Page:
Already awarded are the contracts for the steel supply, (won by BRC), waterproofing works, (awarded to BMC) and the concrete supply, (won by Ghaladari).
On completion, the 425,24m2 built-up area will accommodate 491 residents across five towers. To make this possible, the contractor has already gone through 5,129,226kgs of steel, 47,000m3 of concrete and 1,017,900 man hours.
Zone 3 is somewhere between 1 and 2. Main contractor Belhasa has awarded all of its subcontracts, bar the finishing works, and completed the block work required for the sub-structure/basement. With a view to completing in 2011, it will begin the block work for the super structure in four months. "M/S Sensaire is contracted to do the MEP works and Al Arabia will most likely supply the lifts," says Alvi. "We have 250 people on site now but that will to go up to at least 300 when we start on the super structure."
With the aim of providing 688 residential units, Zone 3 is the biggest section under construction, with a total built-up area of 676,40m2. In contrast to the other Zones, the two largest buildings will divide into two from the sixth floor upwards to provide rooftop apartments. Also unlike other Zones, the firm is getting its steel from three suppliers - Emirates Rebar, Al Gurg Building Services and G2 International. Safemix and SS Lootah are providing concrete, and Helios was responsible for the waterproofing.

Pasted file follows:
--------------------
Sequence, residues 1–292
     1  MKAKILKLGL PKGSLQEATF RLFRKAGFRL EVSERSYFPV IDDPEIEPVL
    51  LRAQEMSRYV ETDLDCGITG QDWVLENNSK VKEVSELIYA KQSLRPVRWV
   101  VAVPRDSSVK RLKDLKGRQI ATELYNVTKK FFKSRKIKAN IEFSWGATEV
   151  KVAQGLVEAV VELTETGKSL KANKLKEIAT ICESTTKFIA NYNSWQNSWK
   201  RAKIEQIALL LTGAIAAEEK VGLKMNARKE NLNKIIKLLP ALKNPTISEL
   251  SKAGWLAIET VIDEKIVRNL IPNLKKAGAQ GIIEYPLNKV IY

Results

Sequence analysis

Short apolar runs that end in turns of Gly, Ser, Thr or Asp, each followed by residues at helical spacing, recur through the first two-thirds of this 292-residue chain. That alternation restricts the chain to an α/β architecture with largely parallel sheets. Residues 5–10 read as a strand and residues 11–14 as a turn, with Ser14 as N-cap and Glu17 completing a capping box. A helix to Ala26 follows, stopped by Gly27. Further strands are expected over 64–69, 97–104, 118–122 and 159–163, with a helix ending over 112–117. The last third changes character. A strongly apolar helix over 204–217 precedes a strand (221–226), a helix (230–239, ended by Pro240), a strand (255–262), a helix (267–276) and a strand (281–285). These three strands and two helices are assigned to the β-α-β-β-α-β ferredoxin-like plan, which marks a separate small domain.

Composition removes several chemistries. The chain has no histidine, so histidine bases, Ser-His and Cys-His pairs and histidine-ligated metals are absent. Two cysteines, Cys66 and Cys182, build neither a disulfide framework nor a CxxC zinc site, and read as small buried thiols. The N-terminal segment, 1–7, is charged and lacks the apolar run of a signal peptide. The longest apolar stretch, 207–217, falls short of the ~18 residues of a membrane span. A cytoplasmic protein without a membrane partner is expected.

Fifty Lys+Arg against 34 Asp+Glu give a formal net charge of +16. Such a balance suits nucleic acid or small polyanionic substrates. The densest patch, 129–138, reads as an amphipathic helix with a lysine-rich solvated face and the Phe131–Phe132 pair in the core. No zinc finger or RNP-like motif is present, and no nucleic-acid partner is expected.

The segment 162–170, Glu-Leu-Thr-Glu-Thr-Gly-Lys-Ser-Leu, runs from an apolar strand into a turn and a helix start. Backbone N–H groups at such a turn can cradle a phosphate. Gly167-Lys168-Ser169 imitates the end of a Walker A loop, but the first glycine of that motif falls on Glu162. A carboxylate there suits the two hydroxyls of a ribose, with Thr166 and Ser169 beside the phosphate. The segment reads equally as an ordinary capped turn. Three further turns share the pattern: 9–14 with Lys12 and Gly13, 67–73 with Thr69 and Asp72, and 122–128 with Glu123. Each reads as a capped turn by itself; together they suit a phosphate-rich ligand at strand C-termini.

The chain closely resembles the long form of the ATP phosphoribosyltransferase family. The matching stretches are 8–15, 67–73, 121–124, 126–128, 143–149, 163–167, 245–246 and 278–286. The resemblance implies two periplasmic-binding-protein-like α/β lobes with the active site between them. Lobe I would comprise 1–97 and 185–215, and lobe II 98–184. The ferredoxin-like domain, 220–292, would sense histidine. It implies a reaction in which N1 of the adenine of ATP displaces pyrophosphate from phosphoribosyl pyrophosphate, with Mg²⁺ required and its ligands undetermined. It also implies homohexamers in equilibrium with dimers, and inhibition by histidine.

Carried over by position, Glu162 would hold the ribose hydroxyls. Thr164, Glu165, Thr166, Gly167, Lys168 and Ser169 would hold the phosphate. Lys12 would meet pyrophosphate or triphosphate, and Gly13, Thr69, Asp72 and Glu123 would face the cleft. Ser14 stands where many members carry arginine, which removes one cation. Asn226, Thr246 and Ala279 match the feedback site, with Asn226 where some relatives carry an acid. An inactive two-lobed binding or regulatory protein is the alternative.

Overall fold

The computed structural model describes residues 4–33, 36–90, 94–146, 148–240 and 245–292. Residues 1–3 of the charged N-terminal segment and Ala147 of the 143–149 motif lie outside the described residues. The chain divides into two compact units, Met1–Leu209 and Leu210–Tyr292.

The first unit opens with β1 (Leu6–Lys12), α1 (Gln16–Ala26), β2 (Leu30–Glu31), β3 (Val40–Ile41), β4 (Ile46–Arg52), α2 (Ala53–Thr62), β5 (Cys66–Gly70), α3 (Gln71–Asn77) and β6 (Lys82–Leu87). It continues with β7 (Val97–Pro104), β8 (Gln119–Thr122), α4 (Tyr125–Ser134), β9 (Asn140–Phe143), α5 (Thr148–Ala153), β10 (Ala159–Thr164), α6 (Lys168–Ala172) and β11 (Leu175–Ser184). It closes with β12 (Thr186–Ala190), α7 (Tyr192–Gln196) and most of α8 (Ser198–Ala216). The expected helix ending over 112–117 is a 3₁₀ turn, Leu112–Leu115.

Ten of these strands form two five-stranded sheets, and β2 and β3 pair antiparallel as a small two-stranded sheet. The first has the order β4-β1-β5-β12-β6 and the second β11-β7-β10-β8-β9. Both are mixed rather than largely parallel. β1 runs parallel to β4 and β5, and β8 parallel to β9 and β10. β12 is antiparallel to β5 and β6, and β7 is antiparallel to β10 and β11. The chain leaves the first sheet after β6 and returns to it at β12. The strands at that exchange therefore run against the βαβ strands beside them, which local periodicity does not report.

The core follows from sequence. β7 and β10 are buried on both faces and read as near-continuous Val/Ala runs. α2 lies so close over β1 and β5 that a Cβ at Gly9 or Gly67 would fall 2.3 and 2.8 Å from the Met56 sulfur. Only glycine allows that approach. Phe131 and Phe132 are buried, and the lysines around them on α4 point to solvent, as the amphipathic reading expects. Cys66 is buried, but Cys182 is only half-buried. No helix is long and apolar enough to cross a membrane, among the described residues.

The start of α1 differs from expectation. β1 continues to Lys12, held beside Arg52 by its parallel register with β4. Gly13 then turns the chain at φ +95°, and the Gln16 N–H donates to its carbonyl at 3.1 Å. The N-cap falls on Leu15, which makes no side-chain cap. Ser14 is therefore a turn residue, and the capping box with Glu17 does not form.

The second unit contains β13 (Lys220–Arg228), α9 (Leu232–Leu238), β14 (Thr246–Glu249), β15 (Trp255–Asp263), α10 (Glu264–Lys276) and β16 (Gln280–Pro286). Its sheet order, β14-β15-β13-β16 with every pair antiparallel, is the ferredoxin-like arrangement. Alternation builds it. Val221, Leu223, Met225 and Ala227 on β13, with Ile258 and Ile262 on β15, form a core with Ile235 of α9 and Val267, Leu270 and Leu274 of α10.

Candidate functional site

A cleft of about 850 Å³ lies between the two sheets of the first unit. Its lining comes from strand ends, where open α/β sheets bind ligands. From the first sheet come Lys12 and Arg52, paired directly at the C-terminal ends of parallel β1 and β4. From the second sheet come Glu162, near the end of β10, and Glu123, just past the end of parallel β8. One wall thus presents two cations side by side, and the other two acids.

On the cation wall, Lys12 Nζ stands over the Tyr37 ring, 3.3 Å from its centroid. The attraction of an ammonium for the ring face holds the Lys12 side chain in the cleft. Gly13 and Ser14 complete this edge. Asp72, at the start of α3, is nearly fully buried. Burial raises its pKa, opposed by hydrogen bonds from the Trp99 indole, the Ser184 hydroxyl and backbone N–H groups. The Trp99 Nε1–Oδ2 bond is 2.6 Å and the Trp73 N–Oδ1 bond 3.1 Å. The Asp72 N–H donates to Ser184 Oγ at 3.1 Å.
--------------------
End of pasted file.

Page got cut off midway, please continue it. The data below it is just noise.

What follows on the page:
Alvi, who seems happy with the progress the Zone is making and pleased that the project is finally picking up after so many delays, said: "To date we have used 4,457,155kgs of steel, cast 35,644m3 of concrete and used 1,515,969 man hours."
Identical to the buildings in Zone 2, Zone 4 is also being handled by Commodore Contracting. With the hopes of providing 497 apartments across a built up area of 425,24m2 by the end of 2012, contractors have made a good start on the excavation and backfilling work in order to even out the ground levels.
Concrete blinding is set to begin soon, increasing the amount of steel used, concrete cast and man hours, which respectively stand at 5,129,226kgs, 47,000m3, and 1,017,900. Though it has a lag period of one month behind Zone 2, contractors believe it will take less time to complete construction on Zone 4 due to its location and ease of access to the site.
Commodore branch manager Shadi Khuzam says: "Zone 4 is moving faster due to logistic reasons - it is easier for workers, machinery and materials to access the site." He adds: "At the moment we have 170 workers across both sites but we expect that to increase, especially when we start the block work and masonary work for the Zones."
To speed up construction, he refers to use of a post-tension system. Faster than the conventional system, it will allow work to speed up and money to be saved.For all the latest business news from the UAE and Gulf countries, follow us on Twitter and Linkedin, like us on Facebook and subscribe to our YouTube page, which is updated daily.